However, Dr Zahi Hawass said during a speech at a meeting of the Intergovernmental Committee for Promoting the Return of Cultural Property to its Countries of Origin held at UNESCO in Paris there are five key artefacts [that should be returned to Egypt] the Dendara Zodiac in the Louvre, the Rosetta Stone in the British Museum, the bust of Nefertiti in Berlin, the bust of Hemiunu in Hildesheim and the bust of Ankh-Haf in Boston, that I would like to come back to be shown in a temporary exhibition here, so that the Egyptian people can see these important treasures.

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The structure of Egyptian society has often been compared to a pyramid, with the king at the apex, the bureaucratic class made up of the king's trusted officials in the middle, and farmers and other labourers making up the broad base. Estimates place the population of Egypt in the Old Kingdom at about two million, although only the smallest fraction of those numbered among the official class and left records.'9 Most information about these people and how they lived comes from their funerary remains, particularly from the relief and paintings that decorated tomb walls. Substantial towns of the Old Kingdom have been excavated at Elephantine and Ayn-Asil in the Dakhleh Oasis, both remote from the Memphite area. These towns were protected by substantial mud-brick walls and included densely packed houses, administrative buildings, industrial areas, crafts workshops, and temples to local deities."

Just as pyramids and their associated structures provide most of our information about kings and kingship in the Old Kingdom, burial places that surrounded each pyramid for the king's elite supply a wealth of information about daily life, including family structure, clothing, food and drink, occupations, and leisure activities. At times mimicking the layout of royal funerary establishments, they could reach an enormous size." Substantial numbers of private tombs were also located in provincial centres, particularly during the later Old Kingdom.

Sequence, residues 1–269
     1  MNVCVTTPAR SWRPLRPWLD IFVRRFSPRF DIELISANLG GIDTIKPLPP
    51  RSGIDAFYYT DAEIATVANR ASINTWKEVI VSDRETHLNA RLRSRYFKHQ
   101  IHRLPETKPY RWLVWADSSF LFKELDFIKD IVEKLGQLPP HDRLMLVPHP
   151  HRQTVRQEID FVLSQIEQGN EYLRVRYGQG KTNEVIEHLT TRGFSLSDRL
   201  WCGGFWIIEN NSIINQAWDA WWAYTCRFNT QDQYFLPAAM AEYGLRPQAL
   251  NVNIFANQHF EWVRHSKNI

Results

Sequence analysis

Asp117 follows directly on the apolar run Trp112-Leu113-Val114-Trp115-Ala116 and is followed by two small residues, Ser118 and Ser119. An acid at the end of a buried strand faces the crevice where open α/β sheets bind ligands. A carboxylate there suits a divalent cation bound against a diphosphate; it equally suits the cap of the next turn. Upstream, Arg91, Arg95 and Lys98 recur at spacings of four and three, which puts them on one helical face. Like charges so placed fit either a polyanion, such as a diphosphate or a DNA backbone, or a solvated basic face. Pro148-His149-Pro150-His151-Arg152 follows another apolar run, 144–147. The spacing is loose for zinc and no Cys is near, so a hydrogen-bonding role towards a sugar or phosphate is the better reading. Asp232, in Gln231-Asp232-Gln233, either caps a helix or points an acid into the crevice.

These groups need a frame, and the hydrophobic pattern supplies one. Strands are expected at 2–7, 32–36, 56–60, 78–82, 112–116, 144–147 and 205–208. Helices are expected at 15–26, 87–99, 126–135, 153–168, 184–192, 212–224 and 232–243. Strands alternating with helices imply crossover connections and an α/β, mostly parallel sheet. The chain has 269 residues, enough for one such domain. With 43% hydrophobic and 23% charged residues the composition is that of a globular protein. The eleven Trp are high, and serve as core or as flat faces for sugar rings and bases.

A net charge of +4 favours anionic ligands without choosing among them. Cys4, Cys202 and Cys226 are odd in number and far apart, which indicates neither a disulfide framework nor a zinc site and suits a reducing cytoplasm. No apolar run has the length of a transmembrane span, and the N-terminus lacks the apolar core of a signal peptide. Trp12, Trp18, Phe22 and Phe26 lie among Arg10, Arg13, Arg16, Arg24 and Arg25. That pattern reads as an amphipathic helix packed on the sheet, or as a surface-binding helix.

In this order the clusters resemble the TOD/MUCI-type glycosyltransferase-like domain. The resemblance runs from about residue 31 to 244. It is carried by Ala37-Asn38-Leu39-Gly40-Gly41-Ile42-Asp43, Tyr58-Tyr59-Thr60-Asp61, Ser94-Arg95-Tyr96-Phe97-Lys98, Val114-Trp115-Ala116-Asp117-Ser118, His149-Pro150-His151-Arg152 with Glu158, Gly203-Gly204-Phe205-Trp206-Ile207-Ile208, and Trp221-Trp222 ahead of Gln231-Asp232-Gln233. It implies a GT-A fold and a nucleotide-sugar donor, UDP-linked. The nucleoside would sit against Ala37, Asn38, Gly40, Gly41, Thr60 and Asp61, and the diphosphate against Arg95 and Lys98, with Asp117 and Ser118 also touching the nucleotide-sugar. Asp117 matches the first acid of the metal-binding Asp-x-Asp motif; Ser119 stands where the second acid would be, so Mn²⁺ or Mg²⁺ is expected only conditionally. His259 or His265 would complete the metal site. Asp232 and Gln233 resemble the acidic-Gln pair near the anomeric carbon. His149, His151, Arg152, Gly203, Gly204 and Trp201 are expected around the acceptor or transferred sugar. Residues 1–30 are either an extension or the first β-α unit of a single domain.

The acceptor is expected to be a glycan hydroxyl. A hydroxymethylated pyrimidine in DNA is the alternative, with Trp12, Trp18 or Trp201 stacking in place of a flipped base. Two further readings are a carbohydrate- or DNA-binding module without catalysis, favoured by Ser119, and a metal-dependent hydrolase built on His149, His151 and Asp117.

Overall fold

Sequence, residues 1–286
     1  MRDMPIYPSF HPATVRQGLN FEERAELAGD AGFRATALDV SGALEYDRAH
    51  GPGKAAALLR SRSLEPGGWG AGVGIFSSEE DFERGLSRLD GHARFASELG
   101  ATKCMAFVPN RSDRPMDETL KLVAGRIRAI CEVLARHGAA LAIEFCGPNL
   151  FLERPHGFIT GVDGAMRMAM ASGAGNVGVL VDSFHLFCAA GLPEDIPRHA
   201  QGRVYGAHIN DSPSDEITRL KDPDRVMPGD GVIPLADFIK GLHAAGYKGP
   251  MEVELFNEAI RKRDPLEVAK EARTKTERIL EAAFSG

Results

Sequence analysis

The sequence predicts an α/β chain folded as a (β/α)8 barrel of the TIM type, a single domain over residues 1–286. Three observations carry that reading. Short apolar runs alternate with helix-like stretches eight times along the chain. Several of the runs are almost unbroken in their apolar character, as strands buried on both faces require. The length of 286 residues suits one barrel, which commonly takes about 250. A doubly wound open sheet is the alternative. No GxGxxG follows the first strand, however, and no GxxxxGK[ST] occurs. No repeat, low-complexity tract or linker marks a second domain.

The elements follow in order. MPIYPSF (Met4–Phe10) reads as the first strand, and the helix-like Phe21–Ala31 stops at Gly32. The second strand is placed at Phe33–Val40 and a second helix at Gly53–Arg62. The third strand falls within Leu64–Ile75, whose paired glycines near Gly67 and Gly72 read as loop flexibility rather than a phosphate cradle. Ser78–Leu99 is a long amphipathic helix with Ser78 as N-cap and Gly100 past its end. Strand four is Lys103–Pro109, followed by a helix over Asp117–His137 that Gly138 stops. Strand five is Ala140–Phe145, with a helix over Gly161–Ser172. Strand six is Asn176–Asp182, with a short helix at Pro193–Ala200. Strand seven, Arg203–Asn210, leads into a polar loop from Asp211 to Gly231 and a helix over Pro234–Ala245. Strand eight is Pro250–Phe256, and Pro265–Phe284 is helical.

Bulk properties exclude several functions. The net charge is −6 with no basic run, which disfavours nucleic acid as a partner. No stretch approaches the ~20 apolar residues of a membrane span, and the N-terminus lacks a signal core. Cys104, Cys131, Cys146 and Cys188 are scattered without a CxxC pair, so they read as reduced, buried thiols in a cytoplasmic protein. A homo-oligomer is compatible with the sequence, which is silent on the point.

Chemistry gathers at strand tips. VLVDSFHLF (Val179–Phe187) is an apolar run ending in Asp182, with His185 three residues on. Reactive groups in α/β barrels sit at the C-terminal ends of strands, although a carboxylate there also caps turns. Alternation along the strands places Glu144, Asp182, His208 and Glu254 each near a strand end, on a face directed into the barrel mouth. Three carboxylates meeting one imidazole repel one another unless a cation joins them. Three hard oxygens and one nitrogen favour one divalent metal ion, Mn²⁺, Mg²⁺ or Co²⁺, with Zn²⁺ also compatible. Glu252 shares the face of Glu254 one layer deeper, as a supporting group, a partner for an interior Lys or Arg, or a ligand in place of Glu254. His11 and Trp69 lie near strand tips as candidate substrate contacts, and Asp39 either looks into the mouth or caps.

Statuary and relief indicate that Egyptian men married one wife at a time and were proudly represented for eternity with their spouses and children. Depictions rarely provide reliable indicators of age, for just as kings were depicted in the prime of youth with perfect bodies, so too were most officials and their wives. The occasional corpulence in a man signified maturity and prosperity. Generally faces as well were idealized, although a few exceptions demonstrate that artists were capable of superb portraiture when called upon to produce it.
boston_03_2006 460boston_03_2006 454Ankh-Haf's bust would have had a slightly different look when it was originally completed. This image (left) with the receding hair-line re-painted, the missing beard and ears added and also the eyes re-painted painted white with brown pupils help to demonstrate this. The bust's face was painted red to indicate 'life' and in life he would have spent considerable time having white face-paint applied.